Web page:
Netflix releases “Descendant” documentary about Clotilda and Africatown community

A special screening will be shown for the first time in Mobile Saturday night, at the Saenger Theatre.
Published: Oct. 21, 2022 at 6:14 PM CDT
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MOBILE, Ala. (WALA) - A documentary that’s been three years in the making is making its debut this weekend.

“Descendant” tells the story of the slave ship, Clotilda, and its direct links to the Africatown community.

A special screening will be shown for the first time in Mobile Saturday night, at the Saenger Theatre.

Darron Patterson, a descendant, says his great-great-grandfather Cooper Lee was on the Clotilda all those years ago.

Now, to see this film finally come to fruition he says it brought tears to his eyes.

“Bring your emotions, bring your emotions. This is going to bring your emotions out,” Patterson said.

An emotional weekend for Patterson, as he’s been waiting years for this day.

The story of “Descendant” was released across Netflix platforms on Friday.

“Descendant” tells the story of the 110 enslaved Africans brought to the Mobile area aboard the Clotilda.

The last known slave ship to arrive in America.

A story that many people have known, but are finally getting to see.

“The story is now being told because the story’s been out there. Everybody knew about the story, yeah, but a lot of people tried to hide the story,” Patterson explained. “Clotilda’s been hiding in plain sight for 162 years. And now the world gets to see what we already know.”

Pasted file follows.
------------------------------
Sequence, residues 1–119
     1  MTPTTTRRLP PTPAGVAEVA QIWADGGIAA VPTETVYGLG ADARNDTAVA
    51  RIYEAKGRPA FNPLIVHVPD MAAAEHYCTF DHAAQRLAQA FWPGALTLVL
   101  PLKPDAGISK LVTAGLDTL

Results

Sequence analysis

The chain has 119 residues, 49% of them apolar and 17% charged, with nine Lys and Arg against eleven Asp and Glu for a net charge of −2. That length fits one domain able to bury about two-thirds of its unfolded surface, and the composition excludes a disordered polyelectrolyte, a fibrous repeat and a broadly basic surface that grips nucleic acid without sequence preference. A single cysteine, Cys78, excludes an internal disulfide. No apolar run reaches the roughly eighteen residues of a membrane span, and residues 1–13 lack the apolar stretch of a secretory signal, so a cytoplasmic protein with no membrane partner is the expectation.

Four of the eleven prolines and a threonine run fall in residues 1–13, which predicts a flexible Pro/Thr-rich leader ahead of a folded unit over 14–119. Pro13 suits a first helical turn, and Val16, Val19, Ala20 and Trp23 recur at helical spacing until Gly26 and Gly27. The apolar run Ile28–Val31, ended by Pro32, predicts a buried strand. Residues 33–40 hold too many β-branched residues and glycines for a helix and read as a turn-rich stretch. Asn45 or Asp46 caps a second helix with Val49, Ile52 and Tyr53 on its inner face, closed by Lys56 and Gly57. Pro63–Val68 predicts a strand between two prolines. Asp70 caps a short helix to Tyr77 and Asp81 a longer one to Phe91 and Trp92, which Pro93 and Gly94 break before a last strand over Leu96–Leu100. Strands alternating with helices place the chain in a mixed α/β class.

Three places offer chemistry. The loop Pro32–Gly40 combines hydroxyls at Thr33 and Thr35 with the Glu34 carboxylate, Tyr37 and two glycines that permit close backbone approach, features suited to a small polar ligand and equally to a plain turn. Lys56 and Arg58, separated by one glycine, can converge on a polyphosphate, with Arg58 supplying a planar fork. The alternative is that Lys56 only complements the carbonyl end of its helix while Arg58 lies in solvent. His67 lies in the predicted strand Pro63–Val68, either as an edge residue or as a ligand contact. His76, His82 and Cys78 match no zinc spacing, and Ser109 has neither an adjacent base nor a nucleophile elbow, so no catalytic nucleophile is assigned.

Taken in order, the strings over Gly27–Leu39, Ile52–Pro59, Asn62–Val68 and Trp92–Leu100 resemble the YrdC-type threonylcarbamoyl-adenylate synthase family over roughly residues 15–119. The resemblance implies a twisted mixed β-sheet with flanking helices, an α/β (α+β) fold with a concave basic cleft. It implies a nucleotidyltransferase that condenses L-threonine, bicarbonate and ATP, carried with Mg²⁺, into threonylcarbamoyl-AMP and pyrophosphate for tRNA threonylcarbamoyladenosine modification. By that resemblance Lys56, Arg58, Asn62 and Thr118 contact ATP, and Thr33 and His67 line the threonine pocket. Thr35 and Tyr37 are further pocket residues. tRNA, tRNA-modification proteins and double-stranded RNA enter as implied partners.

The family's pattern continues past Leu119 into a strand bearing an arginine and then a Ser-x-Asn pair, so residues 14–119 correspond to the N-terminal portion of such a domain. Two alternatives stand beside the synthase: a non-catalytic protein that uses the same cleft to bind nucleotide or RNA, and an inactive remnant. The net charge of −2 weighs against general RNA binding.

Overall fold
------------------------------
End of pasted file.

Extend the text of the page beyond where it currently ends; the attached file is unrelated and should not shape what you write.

The sunken Clotilda was discovered at the bottom of the Mobile Bay back in 2019.

To pay tribute to their ancestors aboard the ship, came the establishment of Africatown.

Patterson, who is one of those descendants, says he wants his great-great grandfather’s story to be told the right way.

“This is no joke. This is no joke. This story means the world to the community. Those people in the cargo hold of that ship were the best people you could have ever assembled, and they were young. They were teenagers, the youngest was two,” Patterson said.

As the story is shared across the nation Patterson says this is only the beginning.

“We’re going to make sure the world knows the story and the plight of the 110 souls that were on that cargo ship. They were remarkable people. They were resilient. They never broke,” he said.

A free screening of “Descendant” will take place Saturday evening at the Saenger Theatre at 7:30.

Tickets will also be available for purchase at the Crescent Theater starting Sunday.

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